- Chronic coughing, increased phlegm, emphysema and bronchitis have been well established products of smoking for decades, and smokers are also more susceptible to influenza and more likely to experience severe symptoms when they get the flu.
- Smoking causes mild airway obstruction, reduced lung function and slowed growth of lung function among adolescents.
- Teenage smokers suffer from shortness of breath almost three times more often than teens who don't smoke and produce phlegm more than twice as often as teens who don't smoke. Not surprisingly, smoking also hurts young people's physical fitness in terms of both performance and endurance – even among young people trained in competitive running.
- The resting heart rates of young adult smokers are two to three beats per minute faster than nonsmokers, and studies have shown that early signs of heart disease and stroke can be found in adolescents who smoke.
- Smoking is also associated with hearing loss, vision problems and increased headaches.
- While many smokers believe that smoking relieves stress, it is actually a major cause. Smoking only appears to reduce stress because it lessens the irritability and tension caused by the underlying nicotine addiction.
- High school seniors who are regular smokers and who began smoking by grade nine are more than twice as likely than their nonsmoking peers to report poorer overall health; roughly two and a half times more likely to report cough with phlegm or blood, shortness of breath when not exercising and wheezing or gasping; and three times more likely to have seen a doctor or other health professional for an emotional or psychological complaint.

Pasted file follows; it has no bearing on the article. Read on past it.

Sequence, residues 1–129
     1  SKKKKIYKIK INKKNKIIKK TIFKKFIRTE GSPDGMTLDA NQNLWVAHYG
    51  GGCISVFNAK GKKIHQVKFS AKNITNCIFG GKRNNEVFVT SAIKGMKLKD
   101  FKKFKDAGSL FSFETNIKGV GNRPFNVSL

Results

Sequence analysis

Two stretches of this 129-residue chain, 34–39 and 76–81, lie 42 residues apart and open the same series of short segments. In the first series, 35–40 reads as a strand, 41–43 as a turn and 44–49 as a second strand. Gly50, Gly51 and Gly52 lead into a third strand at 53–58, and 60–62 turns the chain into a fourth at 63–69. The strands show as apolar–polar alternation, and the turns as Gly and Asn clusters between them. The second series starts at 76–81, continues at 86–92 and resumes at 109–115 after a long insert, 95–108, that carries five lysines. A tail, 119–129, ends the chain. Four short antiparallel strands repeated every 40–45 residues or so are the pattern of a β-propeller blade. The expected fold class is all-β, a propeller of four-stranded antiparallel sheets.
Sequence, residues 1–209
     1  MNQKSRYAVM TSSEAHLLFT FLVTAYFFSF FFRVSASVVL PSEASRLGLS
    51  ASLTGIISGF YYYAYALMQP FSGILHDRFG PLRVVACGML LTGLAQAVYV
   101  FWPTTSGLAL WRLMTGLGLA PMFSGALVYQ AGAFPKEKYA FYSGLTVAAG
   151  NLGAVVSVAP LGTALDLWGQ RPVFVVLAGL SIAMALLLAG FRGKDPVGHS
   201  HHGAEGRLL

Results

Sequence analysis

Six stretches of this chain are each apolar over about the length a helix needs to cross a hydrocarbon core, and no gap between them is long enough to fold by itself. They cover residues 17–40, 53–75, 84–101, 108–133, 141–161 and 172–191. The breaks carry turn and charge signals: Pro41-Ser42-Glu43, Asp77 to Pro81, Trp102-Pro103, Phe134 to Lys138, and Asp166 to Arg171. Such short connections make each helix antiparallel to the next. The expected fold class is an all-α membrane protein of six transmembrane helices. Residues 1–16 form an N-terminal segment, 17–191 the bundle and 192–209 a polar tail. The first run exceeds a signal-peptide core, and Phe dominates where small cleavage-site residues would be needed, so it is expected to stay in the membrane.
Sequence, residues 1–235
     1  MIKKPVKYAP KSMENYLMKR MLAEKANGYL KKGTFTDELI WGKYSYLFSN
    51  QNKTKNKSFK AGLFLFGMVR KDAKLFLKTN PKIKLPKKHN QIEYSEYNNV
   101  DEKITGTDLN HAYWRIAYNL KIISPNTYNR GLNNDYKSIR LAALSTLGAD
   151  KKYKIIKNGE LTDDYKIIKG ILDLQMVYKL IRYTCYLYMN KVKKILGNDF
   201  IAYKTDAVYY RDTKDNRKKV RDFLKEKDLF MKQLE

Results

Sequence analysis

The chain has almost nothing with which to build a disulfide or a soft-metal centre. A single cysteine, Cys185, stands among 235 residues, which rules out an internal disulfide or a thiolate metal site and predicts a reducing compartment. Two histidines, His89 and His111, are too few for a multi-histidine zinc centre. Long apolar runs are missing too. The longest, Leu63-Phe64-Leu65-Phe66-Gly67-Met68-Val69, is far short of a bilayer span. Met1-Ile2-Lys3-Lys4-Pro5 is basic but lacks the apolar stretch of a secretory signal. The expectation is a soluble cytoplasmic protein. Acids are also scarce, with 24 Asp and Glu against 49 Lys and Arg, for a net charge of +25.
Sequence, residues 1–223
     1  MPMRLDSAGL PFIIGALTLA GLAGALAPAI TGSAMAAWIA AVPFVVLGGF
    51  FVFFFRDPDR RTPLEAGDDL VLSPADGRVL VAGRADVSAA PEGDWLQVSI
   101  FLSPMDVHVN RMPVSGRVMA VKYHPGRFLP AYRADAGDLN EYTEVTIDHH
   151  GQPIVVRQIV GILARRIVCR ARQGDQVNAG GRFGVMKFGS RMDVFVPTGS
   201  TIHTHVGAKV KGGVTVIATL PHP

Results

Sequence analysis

Too Late to Help
What if your teen or preteen has already tried cigarettes?
"If your children are already smoking, do not allow them to smoke on your property, and insist they match time spent in friends' homes with equal time in your home," Cohen-Posey says. "Some parents take the attitude that if their children are smoking, they may as well smoke where they are safe. This makes smoking way too convenient and does not teach children to set limits."
That's right – it's time to set up a smoke-free zone around your home. If you smoke, quit. If your friends or other family members smoke, inform them of your new policy: No smoking! It might be hard to do, and if you're a current smoker, it might seem impossible, but it's the only way to send a clear message to your child and safeguard his or her health for the future.
What about punishment? If you find your teen or preteen has been smoking on a regular basis, shouldn't the child be firmly disciplined?
"Punishing kids for smoking will probably not work," Cohen-Posey says. "You cannot watch them 24 hours a day, and you will build a credibility gap about what you can control."
Share with them your fears, and offer to get them professional help, but do so with loving guidance. Your reaction should come from a place of concern, not outrage, Cohen-Posey says. "Always express concern for their health rather than anger for their disobedience," she says.
* Last name withheld to protect privacy.